This dancong oolong seems to have been pretty heavily roasted and is still hanging on to that character. Beyond the roastiness is a dark honeyed taste with grilled yellow nectarine secondary note weaving in and out, burnt sugar, hints of orange blossom, metallic, alkaline. Dark honey aftertaste. Texture never caught me, maybe on the thin side.
This tea is much heavier both in taste and the way it sits in my stomach than the Song Zhong I had recently. The Chi Ye also has a deeper bitterness and the astringency comes in early. The bitterness is its own entity, not integrated well with the sweetness. Body heavy and brain fuzzy energy. The overall weightiness combined with exhaustion had me stop at 4 steeps with the intention of brewing it out the following day, but I didn’t really find myself looking forward to it.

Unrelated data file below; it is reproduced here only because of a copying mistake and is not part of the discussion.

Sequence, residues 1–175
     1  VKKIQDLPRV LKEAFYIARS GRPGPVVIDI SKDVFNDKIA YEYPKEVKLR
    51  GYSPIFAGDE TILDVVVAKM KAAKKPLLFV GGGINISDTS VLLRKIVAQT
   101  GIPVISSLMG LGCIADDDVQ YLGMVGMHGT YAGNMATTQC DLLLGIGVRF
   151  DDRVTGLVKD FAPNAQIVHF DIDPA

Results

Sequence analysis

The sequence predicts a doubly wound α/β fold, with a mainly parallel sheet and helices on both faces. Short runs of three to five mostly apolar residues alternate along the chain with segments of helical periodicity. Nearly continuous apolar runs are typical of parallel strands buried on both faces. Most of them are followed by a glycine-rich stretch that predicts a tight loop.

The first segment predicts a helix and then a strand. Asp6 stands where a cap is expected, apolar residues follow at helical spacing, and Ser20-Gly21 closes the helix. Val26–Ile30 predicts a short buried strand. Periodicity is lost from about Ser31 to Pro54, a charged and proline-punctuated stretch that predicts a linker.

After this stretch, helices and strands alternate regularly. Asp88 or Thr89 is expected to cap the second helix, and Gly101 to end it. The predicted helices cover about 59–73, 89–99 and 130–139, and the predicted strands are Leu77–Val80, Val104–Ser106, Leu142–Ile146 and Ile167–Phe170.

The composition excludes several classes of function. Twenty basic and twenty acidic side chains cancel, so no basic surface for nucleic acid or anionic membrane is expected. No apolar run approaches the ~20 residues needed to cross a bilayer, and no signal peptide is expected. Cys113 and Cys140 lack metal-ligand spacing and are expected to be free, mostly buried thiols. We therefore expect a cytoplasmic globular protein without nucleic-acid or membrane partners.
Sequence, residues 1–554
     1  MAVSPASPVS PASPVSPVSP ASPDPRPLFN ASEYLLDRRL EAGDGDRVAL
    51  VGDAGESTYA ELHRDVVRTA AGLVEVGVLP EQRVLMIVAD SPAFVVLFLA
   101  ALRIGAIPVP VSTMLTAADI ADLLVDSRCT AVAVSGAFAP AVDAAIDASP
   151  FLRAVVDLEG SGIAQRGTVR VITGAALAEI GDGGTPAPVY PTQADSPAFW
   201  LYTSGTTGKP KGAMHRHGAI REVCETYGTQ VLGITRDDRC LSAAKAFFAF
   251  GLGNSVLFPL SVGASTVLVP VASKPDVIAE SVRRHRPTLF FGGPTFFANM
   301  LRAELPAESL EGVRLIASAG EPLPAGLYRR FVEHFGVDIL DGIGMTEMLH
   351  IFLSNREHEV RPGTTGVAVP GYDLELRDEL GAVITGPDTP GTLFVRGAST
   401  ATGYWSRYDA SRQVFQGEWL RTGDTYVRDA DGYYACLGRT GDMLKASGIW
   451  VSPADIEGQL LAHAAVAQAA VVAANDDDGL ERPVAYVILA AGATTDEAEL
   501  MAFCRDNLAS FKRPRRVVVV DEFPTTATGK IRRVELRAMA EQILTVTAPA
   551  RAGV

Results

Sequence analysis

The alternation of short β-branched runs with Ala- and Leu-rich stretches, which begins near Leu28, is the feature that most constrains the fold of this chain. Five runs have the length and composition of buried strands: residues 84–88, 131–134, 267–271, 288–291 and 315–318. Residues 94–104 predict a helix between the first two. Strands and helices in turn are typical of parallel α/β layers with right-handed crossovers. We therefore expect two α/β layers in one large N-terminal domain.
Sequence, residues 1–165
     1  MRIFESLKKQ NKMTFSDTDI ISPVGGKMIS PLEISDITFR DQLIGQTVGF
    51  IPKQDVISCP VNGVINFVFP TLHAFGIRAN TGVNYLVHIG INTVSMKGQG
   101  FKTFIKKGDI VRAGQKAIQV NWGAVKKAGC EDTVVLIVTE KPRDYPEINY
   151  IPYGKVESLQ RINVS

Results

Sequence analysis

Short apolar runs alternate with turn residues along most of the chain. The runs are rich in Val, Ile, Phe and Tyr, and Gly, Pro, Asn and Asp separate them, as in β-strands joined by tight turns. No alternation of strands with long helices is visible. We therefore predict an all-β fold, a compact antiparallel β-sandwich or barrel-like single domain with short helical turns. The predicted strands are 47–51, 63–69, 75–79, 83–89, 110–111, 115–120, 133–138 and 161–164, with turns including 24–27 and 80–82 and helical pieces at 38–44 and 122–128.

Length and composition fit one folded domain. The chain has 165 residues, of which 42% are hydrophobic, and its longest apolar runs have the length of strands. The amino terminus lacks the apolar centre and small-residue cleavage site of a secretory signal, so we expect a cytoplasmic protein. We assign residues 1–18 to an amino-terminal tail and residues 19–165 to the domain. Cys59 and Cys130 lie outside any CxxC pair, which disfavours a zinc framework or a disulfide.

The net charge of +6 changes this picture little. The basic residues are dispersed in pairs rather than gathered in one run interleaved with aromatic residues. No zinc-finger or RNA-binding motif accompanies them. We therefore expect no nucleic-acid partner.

I don’t know the harvest/roast year but maybe this tea needs more time for the roasty char notes to settle. As it is, this Chi Ye is an ok tea but doesn’t jive with me, hence the lower rating.
Flavors: Bitter, Burnt Sugar, Char, Drying, Honey, Metallic, Orange Blossom, Roasted, Stonefruit, Sweet